When it comes to broadband, I’m a socialist. Why? Because broadband service in the United States is currently provided by a cableco/telco duopoly, and, as such, is slower and more expensive than in most of the developed world, studies show. Because I don't believe the FCC can fix that lack of competition within the current regulatory framework, despite the ambitious goals set forth in its National Broadband Plan. Because a reasonably-priced alternative to cable or telco broadband might be just the thing to bring competition to the industry and spur U.S. broadband cost and quality to world-class levels. Because our connectedness increasingly dictates our our economic standing in the world: Broadband is as important to us as the interstate highway system--a public works project--was to Eisenhower-era America.
MassBroadband 123 Complete in Massachusetts
The Massachusetts Broadband Institute (MBI) just announced that the 1,200-mile fiber network MassBroadband 123 is now complete.
According to the official announcement, the middle-mile network will eventually serve over 1,200 community anchor institutions. The open access network, constructed with $45.4 million in stimulus funding and an additional $40 million in state bond proceeds, lit up in March 2013. Schools, hospitals, and municipal government are some of the entities already connected.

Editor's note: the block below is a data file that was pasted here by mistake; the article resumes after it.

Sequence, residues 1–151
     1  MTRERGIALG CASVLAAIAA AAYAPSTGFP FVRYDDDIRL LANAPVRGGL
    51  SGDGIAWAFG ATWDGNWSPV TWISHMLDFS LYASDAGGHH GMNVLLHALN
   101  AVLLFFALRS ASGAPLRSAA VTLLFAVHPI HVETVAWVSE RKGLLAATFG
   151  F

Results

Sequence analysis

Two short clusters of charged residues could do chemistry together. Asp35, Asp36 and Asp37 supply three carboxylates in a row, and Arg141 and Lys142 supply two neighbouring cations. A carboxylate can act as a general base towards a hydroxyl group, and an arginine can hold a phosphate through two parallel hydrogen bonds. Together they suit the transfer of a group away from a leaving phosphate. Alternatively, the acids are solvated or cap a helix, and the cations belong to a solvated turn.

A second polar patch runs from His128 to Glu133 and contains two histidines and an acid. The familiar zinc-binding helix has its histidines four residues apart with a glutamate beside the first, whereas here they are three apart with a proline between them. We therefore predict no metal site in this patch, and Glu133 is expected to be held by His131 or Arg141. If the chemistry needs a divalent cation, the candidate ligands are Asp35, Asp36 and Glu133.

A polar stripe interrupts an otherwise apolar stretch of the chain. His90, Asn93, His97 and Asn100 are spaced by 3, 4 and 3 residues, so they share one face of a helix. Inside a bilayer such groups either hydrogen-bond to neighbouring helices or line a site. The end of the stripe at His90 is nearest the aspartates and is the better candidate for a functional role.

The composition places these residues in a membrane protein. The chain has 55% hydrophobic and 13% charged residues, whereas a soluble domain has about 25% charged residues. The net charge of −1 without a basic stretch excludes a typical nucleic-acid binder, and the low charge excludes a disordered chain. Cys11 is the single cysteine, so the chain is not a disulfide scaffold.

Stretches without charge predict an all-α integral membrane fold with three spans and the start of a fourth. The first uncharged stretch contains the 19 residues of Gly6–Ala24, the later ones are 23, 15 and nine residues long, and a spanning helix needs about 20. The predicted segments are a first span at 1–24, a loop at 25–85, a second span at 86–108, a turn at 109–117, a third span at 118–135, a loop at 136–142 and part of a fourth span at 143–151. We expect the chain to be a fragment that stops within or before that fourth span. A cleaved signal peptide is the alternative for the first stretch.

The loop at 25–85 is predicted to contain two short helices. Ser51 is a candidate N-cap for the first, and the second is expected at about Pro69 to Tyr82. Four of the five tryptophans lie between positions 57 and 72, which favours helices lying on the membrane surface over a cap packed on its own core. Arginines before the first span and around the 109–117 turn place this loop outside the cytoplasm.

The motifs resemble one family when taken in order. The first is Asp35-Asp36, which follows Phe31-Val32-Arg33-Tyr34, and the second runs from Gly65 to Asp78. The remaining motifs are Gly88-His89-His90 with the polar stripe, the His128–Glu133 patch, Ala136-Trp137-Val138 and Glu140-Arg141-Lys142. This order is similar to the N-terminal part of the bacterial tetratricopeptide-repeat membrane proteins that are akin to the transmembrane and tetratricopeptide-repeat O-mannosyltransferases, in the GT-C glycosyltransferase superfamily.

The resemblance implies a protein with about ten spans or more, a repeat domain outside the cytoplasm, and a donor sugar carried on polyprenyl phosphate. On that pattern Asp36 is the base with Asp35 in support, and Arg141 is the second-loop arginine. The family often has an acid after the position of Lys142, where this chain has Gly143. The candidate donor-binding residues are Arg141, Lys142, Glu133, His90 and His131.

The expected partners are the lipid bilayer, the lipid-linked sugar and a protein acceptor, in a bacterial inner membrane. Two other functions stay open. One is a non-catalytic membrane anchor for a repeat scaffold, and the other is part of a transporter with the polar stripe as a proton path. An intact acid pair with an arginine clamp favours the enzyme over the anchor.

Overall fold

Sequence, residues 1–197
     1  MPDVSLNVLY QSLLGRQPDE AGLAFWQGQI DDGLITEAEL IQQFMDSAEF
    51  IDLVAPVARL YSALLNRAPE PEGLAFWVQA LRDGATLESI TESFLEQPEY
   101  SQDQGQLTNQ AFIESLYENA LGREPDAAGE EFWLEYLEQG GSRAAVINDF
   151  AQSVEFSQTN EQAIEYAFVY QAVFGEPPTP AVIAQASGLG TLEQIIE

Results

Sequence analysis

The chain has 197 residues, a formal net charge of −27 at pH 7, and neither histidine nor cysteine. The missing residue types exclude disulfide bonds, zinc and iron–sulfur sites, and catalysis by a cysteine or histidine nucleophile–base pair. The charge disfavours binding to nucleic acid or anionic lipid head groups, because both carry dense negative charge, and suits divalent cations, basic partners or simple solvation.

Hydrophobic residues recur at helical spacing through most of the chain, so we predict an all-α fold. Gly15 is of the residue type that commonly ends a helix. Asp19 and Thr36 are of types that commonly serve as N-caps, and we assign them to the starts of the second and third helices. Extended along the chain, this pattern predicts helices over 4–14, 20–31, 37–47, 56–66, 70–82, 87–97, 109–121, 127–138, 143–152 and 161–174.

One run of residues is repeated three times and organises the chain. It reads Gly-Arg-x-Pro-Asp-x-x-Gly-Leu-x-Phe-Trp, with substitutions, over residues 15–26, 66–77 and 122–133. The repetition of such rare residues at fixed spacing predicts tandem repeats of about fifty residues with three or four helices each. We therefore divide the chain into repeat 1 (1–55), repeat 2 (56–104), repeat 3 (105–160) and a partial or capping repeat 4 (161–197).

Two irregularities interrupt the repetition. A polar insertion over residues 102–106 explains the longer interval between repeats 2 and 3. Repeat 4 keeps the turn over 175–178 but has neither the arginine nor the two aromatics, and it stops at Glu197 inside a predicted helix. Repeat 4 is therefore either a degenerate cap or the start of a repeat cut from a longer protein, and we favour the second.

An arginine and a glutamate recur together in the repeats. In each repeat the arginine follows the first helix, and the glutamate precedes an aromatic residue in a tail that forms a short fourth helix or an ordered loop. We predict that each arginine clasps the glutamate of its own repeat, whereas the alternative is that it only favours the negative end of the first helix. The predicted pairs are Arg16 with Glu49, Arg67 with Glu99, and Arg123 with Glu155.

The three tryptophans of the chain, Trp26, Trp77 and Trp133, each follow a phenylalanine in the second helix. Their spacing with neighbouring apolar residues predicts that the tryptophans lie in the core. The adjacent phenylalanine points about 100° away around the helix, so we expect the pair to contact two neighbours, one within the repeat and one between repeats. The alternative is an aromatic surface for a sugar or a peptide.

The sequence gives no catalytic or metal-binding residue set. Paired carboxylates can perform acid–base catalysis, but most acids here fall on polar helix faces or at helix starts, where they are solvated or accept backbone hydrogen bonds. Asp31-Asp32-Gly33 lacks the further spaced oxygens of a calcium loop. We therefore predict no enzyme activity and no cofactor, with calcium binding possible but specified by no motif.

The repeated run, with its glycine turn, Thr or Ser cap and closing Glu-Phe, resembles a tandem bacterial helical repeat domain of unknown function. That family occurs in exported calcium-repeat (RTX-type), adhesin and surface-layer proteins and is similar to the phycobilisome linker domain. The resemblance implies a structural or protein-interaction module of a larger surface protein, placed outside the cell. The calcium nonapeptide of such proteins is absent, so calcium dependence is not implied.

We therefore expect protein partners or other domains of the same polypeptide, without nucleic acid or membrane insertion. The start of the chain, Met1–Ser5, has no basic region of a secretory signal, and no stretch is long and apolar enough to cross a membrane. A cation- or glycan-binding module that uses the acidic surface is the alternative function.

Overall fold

Communities with a history of little or no middle-mile options will now have some level of connectivity via MassBroadband 123. The Commonwealth hopes to attract last-mile providers to connect homes and businesses, something we have yet to see succeed. We are afraid a more likely scenario will be a few providers seeking to connect the highest revenue customers with no intention to connect everyone, an outcome that would perversely make it more expensive to build financially sustainable networks in these areas.
A few places, like Leverett and Princeton, plan to invest in their own publicly owned infrastructure and will have the option to connect to the outside world through MassBroadband 123. This is an excellent approach that we applaud because it leads us to universal access.
According to a Bershire Eagle article, the state legislature plans to bring more funding to the initiative for last-mile connections:
But state Rep. William "Smitty" Pignatelli, D-Lenox, pointed out in an interview that much investment is needed before individual homeowners and businesses can connect to the network.
The state Senate is poised to move on a bond bill which includes $50 million to be put toward the project's phase, Pignatelli said.
"The state has made a very big commitment in hopes that the private sector would step up," Pignatelli said. "The time is now."
In our experience, middle mile networks change the economics of the operating costs for fiber networks, not the capital costs. The high upfront capital costs are what deter investment and robust middle mile networks do little to change that reality, which is why communities are smart to step up and make the necessary investments.